NTMWD gets good news from Washington
When zebra mussels were detected in Lake Texoma in 2009, the North Texas Municipal Water District was forced to stop pumping water from the lake.
The water district cleared a major legislative hurdle in getting the pump back online this week when the U.S. House and Senate approved a bill allowing for the operation of a new pipeline currently being constructed from Texoma to the water treatment plant in Wylie. The bill is now awaiting the president's signature.
With Texoma accounting for nearly 30 percent of the district's total water supply, heavy water restrictions have been put into place during summer months to ensure enough water is available for cities served by the district. The loss of Texoma has also put extra strain on Lake Lavon, the district's main reservoir.
The 46-mile-long pipeline is projected to cost about $300 million and is scheduled to be completed late next year. It will allow water from Texoma to be transported directly to the plant, preventing the further spread of mussels into Lake Lavon and the Trinity River Basin.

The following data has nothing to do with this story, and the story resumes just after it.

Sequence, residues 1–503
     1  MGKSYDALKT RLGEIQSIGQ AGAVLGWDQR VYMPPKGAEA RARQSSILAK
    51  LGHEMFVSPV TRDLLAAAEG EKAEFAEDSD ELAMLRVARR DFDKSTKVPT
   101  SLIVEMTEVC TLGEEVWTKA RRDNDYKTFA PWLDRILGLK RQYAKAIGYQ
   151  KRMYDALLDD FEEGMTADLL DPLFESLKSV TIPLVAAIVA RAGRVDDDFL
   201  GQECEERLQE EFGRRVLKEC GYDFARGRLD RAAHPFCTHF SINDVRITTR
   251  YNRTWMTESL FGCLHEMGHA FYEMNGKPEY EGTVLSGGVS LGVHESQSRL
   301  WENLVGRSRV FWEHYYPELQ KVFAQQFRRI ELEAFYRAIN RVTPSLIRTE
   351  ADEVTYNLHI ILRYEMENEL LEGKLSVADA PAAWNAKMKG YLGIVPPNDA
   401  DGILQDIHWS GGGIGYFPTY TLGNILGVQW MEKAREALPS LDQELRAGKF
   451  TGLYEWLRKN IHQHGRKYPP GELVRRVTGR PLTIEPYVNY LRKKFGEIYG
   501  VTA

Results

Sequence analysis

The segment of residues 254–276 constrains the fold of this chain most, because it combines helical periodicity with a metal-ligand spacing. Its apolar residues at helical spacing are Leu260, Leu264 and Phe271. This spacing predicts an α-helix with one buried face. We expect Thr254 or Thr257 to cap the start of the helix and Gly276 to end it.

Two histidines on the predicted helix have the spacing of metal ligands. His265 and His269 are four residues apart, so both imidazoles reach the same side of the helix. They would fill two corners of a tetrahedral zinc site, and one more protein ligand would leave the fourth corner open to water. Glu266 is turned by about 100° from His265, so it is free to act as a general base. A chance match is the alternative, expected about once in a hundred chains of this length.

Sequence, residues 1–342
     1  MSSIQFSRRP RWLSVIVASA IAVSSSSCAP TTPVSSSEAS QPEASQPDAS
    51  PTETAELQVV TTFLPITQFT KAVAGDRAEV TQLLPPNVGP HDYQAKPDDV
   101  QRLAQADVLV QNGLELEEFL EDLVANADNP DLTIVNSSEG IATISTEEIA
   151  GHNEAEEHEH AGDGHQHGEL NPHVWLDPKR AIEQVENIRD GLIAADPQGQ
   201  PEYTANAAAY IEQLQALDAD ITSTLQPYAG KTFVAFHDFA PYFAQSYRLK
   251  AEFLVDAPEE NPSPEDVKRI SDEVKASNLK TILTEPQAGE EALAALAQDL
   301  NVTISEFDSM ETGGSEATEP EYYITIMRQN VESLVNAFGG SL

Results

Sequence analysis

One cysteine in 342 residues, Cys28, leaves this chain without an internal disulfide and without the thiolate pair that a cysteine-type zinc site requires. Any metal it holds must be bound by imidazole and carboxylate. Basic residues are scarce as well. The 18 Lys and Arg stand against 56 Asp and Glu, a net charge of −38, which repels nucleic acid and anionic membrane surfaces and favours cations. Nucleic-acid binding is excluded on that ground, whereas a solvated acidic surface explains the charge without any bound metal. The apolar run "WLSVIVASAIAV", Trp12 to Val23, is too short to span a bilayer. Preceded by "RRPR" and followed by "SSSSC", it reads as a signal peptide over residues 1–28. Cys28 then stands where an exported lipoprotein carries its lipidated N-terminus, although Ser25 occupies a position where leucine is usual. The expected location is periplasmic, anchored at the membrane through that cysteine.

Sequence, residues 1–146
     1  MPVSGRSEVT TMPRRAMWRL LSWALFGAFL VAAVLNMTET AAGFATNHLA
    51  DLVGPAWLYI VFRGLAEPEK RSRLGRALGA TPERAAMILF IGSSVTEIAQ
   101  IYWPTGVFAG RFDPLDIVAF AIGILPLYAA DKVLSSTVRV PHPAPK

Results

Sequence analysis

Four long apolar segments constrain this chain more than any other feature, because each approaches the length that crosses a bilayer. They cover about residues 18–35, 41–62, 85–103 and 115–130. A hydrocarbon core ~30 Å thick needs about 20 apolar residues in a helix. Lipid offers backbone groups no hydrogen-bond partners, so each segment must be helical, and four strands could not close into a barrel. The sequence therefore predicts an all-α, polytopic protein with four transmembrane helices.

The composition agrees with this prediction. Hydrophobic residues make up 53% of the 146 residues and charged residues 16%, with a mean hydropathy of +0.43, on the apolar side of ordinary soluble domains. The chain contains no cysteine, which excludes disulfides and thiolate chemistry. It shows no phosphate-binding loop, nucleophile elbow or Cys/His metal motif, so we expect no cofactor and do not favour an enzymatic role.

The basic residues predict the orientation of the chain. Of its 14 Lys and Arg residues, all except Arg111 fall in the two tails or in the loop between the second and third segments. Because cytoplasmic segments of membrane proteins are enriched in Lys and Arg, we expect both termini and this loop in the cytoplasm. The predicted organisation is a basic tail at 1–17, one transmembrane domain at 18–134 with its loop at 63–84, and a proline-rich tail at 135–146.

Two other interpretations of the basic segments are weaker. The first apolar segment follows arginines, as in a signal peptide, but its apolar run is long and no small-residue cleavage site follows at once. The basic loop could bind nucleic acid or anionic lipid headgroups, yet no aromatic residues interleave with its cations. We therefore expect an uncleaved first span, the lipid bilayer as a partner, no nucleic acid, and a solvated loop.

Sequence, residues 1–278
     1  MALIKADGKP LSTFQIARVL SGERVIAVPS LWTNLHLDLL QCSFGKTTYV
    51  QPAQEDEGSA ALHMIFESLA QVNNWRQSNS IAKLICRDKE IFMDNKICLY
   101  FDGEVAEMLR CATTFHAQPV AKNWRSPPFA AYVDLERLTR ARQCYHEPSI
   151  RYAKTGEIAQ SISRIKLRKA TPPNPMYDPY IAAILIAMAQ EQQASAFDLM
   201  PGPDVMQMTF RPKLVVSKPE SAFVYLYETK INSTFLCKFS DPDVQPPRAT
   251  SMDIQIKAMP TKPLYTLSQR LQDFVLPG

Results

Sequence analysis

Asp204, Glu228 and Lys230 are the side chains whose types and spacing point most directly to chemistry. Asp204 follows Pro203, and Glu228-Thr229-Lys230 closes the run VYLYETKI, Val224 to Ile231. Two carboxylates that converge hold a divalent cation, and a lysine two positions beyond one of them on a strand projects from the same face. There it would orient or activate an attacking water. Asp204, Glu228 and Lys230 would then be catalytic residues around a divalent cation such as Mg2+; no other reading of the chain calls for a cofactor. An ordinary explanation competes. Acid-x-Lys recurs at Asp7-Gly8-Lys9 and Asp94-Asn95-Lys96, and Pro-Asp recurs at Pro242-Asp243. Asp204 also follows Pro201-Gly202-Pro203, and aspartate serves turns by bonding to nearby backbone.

Before the pipe could be used, however, the district needed to be exempted from the Lacey Act, a federal regulation that prevents the transportation of non-native, invasive species such as zebra mussels across state lines. Currently, pumping water from Texoma would be a violation of the act since the water pump resides in Oklahoma.
To remedy this situation, Rep. Ralph Hall (R-Rockwall) introduced a bill in the House that would exempt the district from portions of the Lacey Act, while Sen. John Cornyn introduced a companion bill in the Senate. The legislation was passed by the Senate on Monday and the House on Tuesday -- both times with unanimous consent.
"[This bill] will enable the water district to resume pumping water to better serve more than 1.5 million users and do so in a manner that provides safe water in the tradition of its 20 year history," Hall said in a September press release. "This bill will allow the Texoma Water Pump to reopen, provide much-needed jobs and provide enough clean water to the community during a season of severe drought, when water is desperately needed."
Cornyn said in a release that this is "a common sense piece of legislation that helps Texans."
To see the bill in its entirety, visit www.gpo.gov/fdsys/pkg/BILLS-112s3687es/pdf/BILLS-112s3687es.pdf.
This story will be updated Wednesday morning with additional comments from Hall, as well as comments from the NTMWD.
Copyright © 2013 - Star Local News